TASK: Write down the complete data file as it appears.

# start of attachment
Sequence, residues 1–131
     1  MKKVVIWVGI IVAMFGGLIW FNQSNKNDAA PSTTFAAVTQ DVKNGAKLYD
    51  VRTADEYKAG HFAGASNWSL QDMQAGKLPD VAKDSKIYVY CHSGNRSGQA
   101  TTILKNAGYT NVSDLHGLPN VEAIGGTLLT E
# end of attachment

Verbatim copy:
Sequence, residues 1–131
     1  MKKVVIWVGI IVAMFGGLIW FNQSNKNDAA PSTTFAAVTQ DVKNGAKLYD
    51  VRTADEYKAG HFAGASNWSL QDMQAGKLPD VAKDSKIYVY CHSGNRSGQA
   101  TTILKNAGYT NVSDLHGLPN VEAIGGTLLT E